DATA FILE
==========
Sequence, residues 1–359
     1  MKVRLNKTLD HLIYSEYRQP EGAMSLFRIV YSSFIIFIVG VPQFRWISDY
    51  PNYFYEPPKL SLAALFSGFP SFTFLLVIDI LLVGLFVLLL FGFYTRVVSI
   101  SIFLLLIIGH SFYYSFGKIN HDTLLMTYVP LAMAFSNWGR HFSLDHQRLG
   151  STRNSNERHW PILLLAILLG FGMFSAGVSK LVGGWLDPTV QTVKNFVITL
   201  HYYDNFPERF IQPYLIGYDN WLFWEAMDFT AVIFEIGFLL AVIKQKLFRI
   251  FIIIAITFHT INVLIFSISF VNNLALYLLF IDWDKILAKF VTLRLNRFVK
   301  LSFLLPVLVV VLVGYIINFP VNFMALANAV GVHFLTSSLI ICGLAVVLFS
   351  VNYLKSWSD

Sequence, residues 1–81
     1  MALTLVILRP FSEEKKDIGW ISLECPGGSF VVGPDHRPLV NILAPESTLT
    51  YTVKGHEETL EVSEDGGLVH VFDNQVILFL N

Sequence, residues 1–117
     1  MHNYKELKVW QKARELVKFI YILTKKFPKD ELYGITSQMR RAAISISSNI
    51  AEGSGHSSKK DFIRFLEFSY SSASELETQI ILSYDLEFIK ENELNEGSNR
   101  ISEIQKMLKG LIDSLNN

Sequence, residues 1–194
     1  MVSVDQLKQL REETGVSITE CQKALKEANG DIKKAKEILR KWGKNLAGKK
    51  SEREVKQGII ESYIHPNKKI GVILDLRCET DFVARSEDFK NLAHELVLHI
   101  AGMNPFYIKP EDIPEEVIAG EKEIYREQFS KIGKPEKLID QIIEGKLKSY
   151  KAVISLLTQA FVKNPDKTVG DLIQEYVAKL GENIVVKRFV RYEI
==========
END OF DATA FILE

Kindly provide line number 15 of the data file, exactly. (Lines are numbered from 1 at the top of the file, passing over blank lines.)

    51  AEGSGHSSKK DFIRFLEFSY SSASELETQI ILSYDLEFIK ENELNEGSNR